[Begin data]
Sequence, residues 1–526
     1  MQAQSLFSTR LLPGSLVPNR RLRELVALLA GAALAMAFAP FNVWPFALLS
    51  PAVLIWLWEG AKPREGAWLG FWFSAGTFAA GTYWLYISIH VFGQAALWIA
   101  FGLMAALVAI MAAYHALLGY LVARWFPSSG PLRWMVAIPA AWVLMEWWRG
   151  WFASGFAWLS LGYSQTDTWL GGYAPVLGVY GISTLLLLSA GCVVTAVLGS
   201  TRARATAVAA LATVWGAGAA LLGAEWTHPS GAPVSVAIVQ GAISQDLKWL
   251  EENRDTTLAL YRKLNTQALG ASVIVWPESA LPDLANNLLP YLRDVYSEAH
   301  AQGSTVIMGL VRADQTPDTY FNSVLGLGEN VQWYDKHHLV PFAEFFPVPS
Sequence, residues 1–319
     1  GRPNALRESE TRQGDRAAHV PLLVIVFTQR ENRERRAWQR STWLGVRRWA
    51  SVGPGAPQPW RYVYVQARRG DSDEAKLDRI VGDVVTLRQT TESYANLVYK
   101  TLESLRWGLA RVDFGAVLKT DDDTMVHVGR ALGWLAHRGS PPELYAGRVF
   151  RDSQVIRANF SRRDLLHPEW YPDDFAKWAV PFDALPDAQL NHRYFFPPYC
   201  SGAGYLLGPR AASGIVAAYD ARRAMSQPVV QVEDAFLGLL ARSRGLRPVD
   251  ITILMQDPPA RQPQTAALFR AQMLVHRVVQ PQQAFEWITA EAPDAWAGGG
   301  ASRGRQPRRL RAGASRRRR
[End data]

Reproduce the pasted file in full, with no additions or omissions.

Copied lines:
Sequence, residues 1–526
     1  MQAQSLFSTR LLPGSLVPNR RLRELVALLA GAALAMAFAP FNVWPFALLS
    51  PAVLIWLWEG AKPREGAWLG FWFSAGTFAA GTYWLYISIH VFGQAALWIA
   101  FGLMAALVAI MAAYHALLGY LVARWFPSSG PLRWMVAIPA AWVLMEWWRG
   151  WFASGFAWLS LGYSQTDTWL GGYAPVLGVY GISTLLLLSA GCVVTAVLGS
   201  TRARATAVAA LATVWGAGAA LLGAEWTHPS GAPVSVAIVQ GAISQDLKWL
   251  EENRDTTLAL YRKLNTQALG ASVIVWPESA LPDLANNLLP YLRDVYSEAH
   301  AQGSTVIMGL VRADQTPDTY FNSVLGLGEN VQWYDKHHLV PFAEFFPVPS
Sequence, residues 1–319
     1  GRPNALRESE TRQGDRAAHV PLLVIVFTQR ENRERRAWQR STWLGVRRWA
    51  SVGPGAPQPW RYVYVQARRG DSDEAKLDRI VGDVVTLRQT TESYANLVYK
   101  TLESLRWGLA RVDFGAVLKT DDDTMVHVGR ALGWLAHRGS PPELYAGRVF
   151  RDSQVIRANF SRRDLLHPEW YPDDFAKWAV PFDALPDAQL NHRYFFPPYC
   201  SGAGYLLGPR AASGIVAAYD ARRAMSQPVV QVEDAFLGLL ARSRGLRPVD
   251  ITILMQDPPA RQPQTAALFR AQMLVHRVVQ PQQAFEWITA EAPDAWAGGG
   301  ASRGRQPRRL RAGASRRRR